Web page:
the brunt of the blow or the sear of the hot glowing iron.
Now I recall only how proudly they stood,
how joyfully they fell, how beautiful they lay in repose.

Hear me: there is always a debt to be paid
for night to call night and weeping to beg hurry the dawn.
How many tears must in the end fall?
No one knows.
Of this too, only God can keep count.

This poem is based on a verse from the Qur’án, 1, 61:4, Surat Aş-Şaf  (The Ranks):

Verily God loveth those who, as though they were a solid wall, do battle for His Cause in serried lines!

When asked about this verse,`Abdu’l-Bahá, the eldest son of Bahá’u’lláh, the founder of the Bahá’í Faith (`Abdu’l-Bahá was also the Head of the Bahá’í Faith from 1892 until His passing in 1921) said:

O ye beloved of the Lord! This day is the day of union, the day of the ingathering of all mankind. Note that He saith ‘in serried lines’—meaning crowded and pressed together, one locked to the next, each supporting his fellows. To do battle, as stated in the sacred verse, doth not, in this greatest of all dispensations, mean to go forth with sword and spear, with lance and piercing arrow—but rather weaponed with pure intent, with righteous motives, with counsels helpful and effective, with godly attributes, with deeds pleasing to the Almighty, with the qualities of heaven. It signifieth education for all mankind, guidance for all men, the spreading far and wide of the sweet savors of the spirit, the promulgation of God’s proofs, the setting forth of arguments conclusive and divine, the doing of charitable deeds.

Bolding by me. The poem refers to the Dawnbreakers, those early blessed souls who shed their blood, rather than recant their faith, at the first light of the dawn of a new Messenger from God.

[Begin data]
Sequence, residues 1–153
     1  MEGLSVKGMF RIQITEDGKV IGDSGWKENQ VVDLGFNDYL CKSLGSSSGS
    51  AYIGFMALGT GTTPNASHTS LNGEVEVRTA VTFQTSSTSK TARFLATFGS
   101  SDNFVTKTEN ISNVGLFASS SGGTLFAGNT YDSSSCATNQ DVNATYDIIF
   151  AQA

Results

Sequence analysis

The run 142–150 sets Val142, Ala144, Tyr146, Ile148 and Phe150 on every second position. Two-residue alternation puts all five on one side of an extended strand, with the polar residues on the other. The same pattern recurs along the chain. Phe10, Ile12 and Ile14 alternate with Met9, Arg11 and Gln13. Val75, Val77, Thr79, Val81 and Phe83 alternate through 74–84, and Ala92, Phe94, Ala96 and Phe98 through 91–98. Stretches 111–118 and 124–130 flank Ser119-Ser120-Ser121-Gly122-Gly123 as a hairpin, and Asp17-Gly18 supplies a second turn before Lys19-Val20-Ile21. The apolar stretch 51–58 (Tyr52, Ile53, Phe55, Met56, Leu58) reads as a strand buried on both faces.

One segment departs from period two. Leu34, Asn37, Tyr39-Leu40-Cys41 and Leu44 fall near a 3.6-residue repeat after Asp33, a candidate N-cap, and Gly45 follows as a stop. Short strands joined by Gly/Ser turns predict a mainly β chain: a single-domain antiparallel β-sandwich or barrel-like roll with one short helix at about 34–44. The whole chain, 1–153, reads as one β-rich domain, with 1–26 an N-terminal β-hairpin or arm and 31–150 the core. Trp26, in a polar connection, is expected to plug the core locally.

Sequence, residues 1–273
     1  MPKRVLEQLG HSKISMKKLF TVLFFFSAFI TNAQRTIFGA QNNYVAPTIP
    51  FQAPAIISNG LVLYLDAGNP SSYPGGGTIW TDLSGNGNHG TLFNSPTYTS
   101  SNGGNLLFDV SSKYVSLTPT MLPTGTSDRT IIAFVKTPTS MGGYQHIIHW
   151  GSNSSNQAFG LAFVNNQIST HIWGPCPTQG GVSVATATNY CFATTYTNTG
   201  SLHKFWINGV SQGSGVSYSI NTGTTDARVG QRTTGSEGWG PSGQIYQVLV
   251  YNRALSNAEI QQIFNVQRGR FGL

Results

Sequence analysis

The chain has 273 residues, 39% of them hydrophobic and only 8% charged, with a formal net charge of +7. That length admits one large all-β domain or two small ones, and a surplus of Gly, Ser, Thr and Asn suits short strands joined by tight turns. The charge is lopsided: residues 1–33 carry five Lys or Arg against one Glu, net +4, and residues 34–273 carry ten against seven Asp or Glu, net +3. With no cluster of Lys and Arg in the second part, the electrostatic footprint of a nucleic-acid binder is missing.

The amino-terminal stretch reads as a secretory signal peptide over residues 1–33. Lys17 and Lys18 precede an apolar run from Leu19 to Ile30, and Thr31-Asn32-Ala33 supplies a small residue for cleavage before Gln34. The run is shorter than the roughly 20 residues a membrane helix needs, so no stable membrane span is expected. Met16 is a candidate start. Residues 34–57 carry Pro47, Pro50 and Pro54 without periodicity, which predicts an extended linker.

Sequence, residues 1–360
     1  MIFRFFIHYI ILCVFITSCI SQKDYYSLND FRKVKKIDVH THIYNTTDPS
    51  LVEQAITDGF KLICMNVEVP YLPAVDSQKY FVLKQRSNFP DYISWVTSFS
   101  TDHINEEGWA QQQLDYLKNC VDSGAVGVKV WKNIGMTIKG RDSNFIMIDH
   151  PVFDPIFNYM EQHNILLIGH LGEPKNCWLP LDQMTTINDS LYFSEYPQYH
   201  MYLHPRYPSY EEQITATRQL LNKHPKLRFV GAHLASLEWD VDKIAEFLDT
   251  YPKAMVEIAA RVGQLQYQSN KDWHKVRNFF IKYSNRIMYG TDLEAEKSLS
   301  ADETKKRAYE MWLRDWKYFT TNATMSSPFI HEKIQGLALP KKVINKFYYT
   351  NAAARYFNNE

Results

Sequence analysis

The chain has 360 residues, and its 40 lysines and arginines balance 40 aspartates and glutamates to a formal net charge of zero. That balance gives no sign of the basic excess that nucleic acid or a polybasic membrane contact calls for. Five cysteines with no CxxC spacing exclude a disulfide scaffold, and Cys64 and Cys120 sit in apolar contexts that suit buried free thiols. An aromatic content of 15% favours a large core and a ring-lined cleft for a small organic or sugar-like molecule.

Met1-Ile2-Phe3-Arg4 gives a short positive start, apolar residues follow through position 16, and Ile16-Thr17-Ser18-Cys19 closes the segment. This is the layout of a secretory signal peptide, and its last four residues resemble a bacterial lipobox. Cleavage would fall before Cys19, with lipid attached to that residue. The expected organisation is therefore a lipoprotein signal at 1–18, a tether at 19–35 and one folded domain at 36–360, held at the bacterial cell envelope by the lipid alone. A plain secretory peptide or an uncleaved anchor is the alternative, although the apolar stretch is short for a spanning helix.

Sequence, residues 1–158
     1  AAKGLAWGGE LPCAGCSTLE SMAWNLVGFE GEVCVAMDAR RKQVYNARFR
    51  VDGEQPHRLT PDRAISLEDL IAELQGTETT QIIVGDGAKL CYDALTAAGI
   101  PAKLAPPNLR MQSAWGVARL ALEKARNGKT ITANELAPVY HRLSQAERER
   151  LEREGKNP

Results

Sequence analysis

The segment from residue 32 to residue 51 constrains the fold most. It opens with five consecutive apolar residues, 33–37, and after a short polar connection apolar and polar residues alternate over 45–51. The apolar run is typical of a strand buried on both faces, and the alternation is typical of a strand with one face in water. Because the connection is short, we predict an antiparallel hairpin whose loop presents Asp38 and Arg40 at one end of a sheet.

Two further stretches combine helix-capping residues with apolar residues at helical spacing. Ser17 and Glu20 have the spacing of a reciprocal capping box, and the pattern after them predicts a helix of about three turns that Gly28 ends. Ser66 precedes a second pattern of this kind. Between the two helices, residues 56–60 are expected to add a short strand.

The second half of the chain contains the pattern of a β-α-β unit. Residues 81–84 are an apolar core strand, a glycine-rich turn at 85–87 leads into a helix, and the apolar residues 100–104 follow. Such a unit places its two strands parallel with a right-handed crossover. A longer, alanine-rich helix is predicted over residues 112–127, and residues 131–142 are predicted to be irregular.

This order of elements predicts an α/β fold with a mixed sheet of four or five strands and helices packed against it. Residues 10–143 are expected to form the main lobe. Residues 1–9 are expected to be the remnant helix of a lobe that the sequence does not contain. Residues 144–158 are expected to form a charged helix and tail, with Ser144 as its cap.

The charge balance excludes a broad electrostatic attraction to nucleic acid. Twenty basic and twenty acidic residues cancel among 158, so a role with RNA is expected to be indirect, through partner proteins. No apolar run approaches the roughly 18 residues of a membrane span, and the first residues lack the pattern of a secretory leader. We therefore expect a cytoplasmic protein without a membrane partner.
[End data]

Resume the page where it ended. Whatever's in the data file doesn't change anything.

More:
I should note that although the Bahá’í Faith is an independent religion with its own Writings, many Bahá’ís, and especially those of the early years, were originally Muslim, and questions on the meaning of the Qur’án were often asked. Bahá’ís believe that the  Qur’án, like the Bible, is the revealed Word of God and expresses the eternal spiritual truths of God. However, the  Qur’án, like the Bible, can often be misconstrued by the ignorant and perverse to support the most terrible of acts. That is why I so love `Abdu’l-Bahá’s explanation of this verse. At first glance the verse seems to support violence and war, yet, when He interprets it spiritually, its meaning is light upon light.

Thank you for reading Keeping count. I sincerely hope you have enjoyed it and I humbly appreciate your visiting the Book of Pain. As always, I look forward to your comments.

john

© 2013 by John Etheridge; all rights reserved. This poem and accompanying notes are licensed under the Creative Commons Attribution-Noncommercial-No Derivative Works 3.0 Unported License. This applies to all original work found on this site, unless noted otherwise. The attribution claimed under the license is: © 2013 by John Etheridge, https://bookofpain.wordpress.com.

4 Comments

Filed under Poetry